A Strong U.S. Economy Means Traffic Jams And Commuter Headaches

Traffic and the US EconomyIf you have to commute on a major highway or interstate every morning you have probably noticed an increase in traffic over the last few years, that’s because the U.S. economy has been improving.

According to Yahoo Finance, as the U.S. economy improves, the U.S. dollar strengthens, and gas prices fall, more drivers are taking to the roadways and that means more congesting.

The publication notes that Washington, D.C. drivers suffer the most with an average of 82 hours a year to rush-hour slowdowns.

The report comes from Texas A&M Transportation Institute and INRIX Inc., which analyzes traffic data. The study found that American motorists are stuck in traffic about 5 percent more than they were in 2007, the pre-recession peak.

Researchers found that four out of five cities have now surpassed their 2007 congestion.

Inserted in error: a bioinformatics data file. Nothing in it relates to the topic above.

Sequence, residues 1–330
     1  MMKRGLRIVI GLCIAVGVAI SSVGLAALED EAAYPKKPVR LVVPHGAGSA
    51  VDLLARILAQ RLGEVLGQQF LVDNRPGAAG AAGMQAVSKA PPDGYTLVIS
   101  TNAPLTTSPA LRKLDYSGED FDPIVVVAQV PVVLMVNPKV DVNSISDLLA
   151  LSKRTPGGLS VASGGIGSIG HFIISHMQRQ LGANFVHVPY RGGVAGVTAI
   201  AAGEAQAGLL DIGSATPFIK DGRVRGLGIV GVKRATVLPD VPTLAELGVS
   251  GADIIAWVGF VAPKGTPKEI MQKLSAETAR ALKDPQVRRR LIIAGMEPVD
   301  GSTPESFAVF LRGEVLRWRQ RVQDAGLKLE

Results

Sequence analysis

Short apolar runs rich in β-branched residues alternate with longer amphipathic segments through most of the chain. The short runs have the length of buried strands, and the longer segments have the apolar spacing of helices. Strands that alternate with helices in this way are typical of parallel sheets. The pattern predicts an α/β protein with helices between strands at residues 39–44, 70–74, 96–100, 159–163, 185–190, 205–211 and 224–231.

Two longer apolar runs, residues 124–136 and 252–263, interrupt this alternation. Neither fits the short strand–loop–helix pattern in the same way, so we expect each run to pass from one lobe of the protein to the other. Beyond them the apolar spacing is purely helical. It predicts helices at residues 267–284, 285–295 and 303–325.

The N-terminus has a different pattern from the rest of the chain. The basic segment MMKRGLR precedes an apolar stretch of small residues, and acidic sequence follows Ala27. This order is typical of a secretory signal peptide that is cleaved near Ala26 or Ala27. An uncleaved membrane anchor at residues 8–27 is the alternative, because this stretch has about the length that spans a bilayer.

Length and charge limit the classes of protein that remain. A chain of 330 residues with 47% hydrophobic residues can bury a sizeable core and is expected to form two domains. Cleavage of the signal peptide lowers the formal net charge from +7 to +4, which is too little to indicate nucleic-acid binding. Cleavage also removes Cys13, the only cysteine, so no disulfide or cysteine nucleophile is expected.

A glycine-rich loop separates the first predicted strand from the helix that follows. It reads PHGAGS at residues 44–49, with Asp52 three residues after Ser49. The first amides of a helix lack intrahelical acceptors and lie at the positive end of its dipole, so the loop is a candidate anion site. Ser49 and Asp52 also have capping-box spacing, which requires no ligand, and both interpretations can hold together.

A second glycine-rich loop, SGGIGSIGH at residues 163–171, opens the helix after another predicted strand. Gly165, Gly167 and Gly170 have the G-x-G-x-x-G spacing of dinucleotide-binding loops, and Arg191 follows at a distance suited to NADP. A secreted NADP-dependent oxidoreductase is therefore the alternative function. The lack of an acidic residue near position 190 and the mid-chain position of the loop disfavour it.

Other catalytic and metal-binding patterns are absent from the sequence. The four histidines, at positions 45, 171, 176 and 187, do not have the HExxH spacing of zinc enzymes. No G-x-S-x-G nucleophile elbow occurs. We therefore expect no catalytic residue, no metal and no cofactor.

Rounding out the Top 10 worst commuting cities are San Jose, Boston, Seattle, Chicago, Houston and Riverside-San Bernardino.

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Other factors for more congestion included urban populations with lower fuel prices, which is causing more drivers to become stuck in city traffic.

Congestion increased in 61 of the nation’s 101 largest cities from 2012 to 2013, the data showed. The following year, nearly all cities — 95 out of 101 — experienced greater congestion.

When it comes down to it I’m pretty sure most American’s would rather be stuck in more traffic knowing they have a job, so at least there is some good news.

Written by Peter Mondrose

Peter Mondrose

Peter Mondrose is the Editor-In-Chief at BusinessPundit. He received his degree in Economics in 1998 and a second degree in Journalism in 2004. He has served as a financial adviser, market trader, and freelance journalist for the last 11 years. When he's not investigating market conditions and reporting on workplace news, he can be found traveling with his wife, dog, and laptop. He can be reached at OnlineDegree.com.